7. Mission Viejo
Founded in 1769 as the first of California’s 21 missions, the Mission Basilica San Diego de Alcala has a bloody and politically complicated past. Today, the National Historic Landmark is an exceptionally peaceful place — an active parish on a hillside carpeted with ice plants, with a Spanish-style garden at its center and a gift shop that sells Mexican folk art like milagros (religious charms) and Talavera pottery. For lunch, head north to the Island Style Cafe (5950 Santo Road; islandstylecafe.com), a home-style Hawaiian cafe with fabric orchids on the tables and tropical landscape prints on the walls. Try the Korean-style fried chicken thighs ($8.75), served with classic sides like macaroni salad, and a customary glass of POG (passion-orange-guava juice, $2.50).
8. Cerveza Land
One of the centers of the country’s ever-expanding craft beer industry, San Diego has an intimidating number and diversity of breweries (more than 70 total, including 20 or so new ones last year alone). Enthusiasts should seek out the West Coaster (westcoastersd.com), a monthly magazine devoted entirely to the city’s beer scene. Each brewery has its own focus and ambience, from the potent beers with heavy metal names (Anvil, Horny Devil, Evil Dead Red) at AleSmith Brewing Company (9368 Cabot Drive; alesmith.com) to the vaguely steampunk décor at Societe Brewing Company (8262 Clairemont Mesa Boulevard; societebrewing.com) to Lightning Brewery (13200 Kirkham Way, Poway; lightningbrewery.com), in the far suburb of Poway, which is run by a brewer’s brewer with a Ph.D. in biochemistry and which feels like stepping into garage science experiment.
9. Sea and Sky
In the perennial debate over where to find San Diego’s best fish tacos, the line at Blue Water Seafood Market & Grill (3667 India Street; bluewaterseafoodsandiego.com) is one indication. The menu reads like a choose-your-own-aquatic adventure, listing 12 kinds of seafood — including Scottish salmon, Hawaiian albacore and Alaskan halibut — six kinds of marinade (among them: chipotle, blackened and “bronzed”) and four preparations: salad, sandwich, plate or tacos (from $4 per taco to $25 for a plate of jumbo shrimp). Afterward, have a nightcap next door at Aero Club (3365 India; aeroclubbar.com), a charmingly divey whiskey bar with some 600 bottles climbing the wall and toy airplanes hanging from the ceiling. Alternatively, settle into a zero-gravity lounge chair for an 8 p.m. movie ($15) at Cinema Under the Stars, an open-air theater in Mission Hills.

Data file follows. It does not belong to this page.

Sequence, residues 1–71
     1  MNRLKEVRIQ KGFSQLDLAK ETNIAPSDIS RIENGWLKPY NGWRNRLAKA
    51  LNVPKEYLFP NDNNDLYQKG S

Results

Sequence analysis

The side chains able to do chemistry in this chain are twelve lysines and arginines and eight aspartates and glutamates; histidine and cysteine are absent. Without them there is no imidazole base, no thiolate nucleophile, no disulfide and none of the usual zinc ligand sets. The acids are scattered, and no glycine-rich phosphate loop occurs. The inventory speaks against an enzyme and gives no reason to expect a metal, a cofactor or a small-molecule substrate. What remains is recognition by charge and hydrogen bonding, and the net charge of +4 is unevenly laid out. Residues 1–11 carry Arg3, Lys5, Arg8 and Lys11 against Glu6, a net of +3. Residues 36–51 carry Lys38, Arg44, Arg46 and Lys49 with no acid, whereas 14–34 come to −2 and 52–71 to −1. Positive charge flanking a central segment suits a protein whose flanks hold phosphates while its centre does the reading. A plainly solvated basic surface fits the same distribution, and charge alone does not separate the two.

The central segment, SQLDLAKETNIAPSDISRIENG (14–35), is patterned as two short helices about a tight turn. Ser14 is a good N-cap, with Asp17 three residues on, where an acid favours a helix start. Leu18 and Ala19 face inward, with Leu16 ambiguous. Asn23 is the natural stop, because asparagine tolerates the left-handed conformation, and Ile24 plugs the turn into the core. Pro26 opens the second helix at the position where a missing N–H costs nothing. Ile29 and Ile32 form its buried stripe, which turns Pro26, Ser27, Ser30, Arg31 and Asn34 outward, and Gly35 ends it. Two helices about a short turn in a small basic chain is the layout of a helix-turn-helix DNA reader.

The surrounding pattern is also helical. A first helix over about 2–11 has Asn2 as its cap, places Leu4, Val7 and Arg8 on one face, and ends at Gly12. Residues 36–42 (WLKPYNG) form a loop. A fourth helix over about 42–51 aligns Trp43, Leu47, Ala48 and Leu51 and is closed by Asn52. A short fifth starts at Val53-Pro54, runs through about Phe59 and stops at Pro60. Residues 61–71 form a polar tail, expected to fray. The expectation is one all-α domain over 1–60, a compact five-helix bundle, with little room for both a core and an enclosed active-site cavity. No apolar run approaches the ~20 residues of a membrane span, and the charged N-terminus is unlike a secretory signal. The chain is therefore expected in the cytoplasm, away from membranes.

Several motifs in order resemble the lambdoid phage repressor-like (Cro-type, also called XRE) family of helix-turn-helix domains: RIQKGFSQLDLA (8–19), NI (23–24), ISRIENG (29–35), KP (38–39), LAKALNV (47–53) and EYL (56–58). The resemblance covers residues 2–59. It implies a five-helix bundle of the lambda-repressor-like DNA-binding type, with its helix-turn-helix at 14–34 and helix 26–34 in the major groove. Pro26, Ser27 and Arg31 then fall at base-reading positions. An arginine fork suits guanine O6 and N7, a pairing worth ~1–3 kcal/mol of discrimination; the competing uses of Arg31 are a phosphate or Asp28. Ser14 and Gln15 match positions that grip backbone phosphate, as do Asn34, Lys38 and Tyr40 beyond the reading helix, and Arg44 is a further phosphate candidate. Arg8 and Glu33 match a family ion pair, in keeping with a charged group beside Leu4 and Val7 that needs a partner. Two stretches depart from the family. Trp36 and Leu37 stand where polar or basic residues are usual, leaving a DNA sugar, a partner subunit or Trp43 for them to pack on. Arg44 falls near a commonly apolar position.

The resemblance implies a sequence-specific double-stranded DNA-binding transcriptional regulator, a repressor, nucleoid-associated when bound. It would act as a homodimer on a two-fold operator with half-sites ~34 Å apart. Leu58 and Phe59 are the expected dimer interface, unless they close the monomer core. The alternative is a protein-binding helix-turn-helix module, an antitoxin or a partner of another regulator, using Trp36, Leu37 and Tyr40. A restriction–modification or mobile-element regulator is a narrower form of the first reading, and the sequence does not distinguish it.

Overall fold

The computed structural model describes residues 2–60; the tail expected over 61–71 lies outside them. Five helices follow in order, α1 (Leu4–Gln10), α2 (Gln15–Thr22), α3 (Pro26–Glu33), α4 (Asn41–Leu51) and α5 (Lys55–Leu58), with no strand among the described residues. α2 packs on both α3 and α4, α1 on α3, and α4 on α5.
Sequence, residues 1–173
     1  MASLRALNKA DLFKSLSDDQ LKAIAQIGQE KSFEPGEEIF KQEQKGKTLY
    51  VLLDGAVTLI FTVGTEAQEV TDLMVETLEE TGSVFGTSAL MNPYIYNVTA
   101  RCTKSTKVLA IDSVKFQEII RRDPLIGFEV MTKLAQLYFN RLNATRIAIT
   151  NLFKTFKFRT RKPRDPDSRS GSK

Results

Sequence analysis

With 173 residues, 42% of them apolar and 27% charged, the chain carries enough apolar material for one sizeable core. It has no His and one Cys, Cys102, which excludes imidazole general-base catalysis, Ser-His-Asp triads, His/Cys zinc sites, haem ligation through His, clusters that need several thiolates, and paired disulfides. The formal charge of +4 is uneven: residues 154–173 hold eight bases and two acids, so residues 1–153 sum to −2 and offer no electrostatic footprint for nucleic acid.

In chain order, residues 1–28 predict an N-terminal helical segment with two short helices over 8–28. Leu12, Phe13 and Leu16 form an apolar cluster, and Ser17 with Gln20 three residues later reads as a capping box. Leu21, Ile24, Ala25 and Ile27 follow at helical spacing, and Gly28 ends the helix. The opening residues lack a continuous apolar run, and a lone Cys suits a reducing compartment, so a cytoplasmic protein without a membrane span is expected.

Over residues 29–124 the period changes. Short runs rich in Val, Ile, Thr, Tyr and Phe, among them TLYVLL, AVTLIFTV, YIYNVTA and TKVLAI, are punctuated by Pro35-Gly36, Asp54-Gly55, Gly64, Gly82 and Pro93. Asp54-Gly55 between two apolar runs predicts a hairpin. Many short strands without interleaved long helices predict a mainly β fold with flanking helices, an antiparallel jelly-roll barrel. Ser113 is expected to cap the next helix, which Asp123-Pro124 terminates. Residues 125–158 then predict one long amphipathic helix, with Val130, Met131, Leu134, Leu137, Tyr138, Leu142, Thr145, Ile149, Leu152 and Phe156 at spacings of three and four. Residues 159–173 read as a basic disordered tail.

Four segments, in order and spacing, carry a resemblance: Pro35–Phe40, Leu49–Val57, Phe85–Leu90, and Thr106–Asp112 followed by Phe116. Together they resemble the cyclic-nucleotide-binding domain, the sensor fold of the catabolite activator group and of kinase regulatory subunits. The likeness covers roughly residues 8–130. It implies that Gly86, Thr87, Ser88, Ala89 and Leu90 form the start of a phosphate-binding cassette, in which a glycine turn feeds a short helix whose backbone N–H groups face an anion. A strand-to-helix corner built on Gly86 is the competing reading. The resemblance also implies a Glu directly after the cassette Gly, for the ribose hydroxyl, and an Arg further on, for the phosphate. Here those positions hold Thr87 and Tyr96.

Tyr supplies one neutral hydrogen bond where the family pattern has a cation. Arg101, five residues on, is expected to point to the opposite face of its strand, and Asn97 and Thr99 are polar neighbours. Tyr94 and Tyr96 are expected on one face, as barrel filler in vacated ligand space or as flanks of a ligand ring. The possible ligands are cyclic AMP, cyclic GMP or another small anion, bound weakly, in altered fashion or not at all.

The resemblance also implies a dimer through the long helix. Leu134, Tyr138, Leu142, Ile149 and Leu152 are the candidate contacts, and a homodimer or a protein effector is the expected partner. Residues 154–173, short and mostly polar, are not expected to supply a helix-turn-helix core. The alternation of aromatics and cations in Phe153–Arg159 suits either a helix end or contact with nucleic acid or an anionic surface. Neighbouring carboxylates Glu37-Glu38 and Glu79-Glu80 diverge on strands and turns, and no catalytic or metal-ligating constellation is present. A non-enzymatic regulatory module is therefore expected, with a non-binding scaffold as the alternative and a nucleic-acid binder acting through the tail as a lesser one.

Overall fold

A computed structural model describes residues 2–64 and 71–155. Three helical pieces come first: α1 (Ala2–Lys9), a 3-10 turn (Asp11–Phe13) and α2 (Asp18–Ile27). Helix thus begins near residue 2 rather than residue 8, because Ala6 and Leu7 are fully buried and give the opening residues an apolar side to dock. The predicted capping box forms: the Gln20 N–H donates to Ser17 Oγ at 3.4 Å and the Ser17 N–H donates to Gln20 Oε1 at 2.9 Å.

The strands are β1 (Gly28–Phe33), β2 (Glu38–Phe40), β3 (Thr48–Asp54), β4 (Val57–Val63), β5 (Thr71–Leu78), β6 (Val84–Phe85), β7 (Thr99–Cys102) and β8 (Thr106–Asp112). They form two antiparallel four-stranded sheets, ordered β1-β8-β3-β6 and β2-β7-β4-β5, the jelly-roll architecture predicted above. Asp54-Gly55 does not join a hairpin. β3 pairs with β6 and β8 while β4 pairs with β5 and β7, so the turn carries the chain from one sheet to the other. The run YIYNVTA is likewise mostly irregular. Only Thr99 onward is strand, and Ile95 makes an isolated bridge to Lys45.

10. Europe in America
Stop in at Bird Rock Coffee Roasters in La Jolla (5627 La Jolla Boulevard; birdrockcoffee.com) for a small-batch, house-roasted coffee to go from Roast Magazine’s 2012 Micro Roaster of the Year. Then take a slow Sunday drive down the coast, past the sandstone Sunset Cliffs to the Cabrillo National Monument. Walk the two-mile Bayside Trail along a rocky point of sage scrub and maguey plants, near where in 1542 Juan Rodriguez Cabrillo led the first European expedition to the coast of what is now California. For brunch, head downtown to Little Italy’s Extraordinary Desserts (1430 Union Street; extraordinarydesserts.com), which has a “European breakfast” ($20.95) spread of imported cheese, fresh fruit, homemade granola, smoked salmon, decadent pastries and rustic breads starting at 11 a.m. Reservations recommended.
11. Park and Ride
With 15 museums, one of the country’s most well-respected zoos and 1,200 acres of hills, gardens, forests and ravines, Balboa Park (balboapark.org) cannot be fully explored in a weekend, much less an afternoon. But, for an overview, San Diego Fly Rides ($75 a person, including a snack, water and helmet) uses high-end electric bikes, which can travel up to 20 m.p.h., to cover nine miles of ground on its two-hour Spanish Twist tour (16 and older). For one final San Diego meal, sample the tacos de lengua (tongue), pastor (marinated, spit-barbecued pork) or cabeza (beef head) at Northgate Market, a Mexican grocery the size of a Costco with a food court that turns out fresh, house-made tortillas, along with enough tamales, ceviches, antojitos (snacks) and aguas frescas (fresh fruit “waters”) to feed a pueblito.
Opened in 2009 as San Diego’s first LEED-certified hotel, Hotel Indigo (509 Ninth Avenue; hotelindigo.com) has a 3,800-square-foot green roof, free wireless Internet and a ninth-floor terrace bar overlooking Petco Park stadium. Rooms are pet-friendly and start at $146.
With 159 “ultra-modern” rooms (from $280), a four-story nightclub and a flashy Philippe Starck-Katsuya Uechi restaurant, the recently renovated Andaz San Diego (600 F Street; sandiego.andaz.hyatt.com) seems designed to lure stylish young Angelenos south.READ THE FULL ARTICLE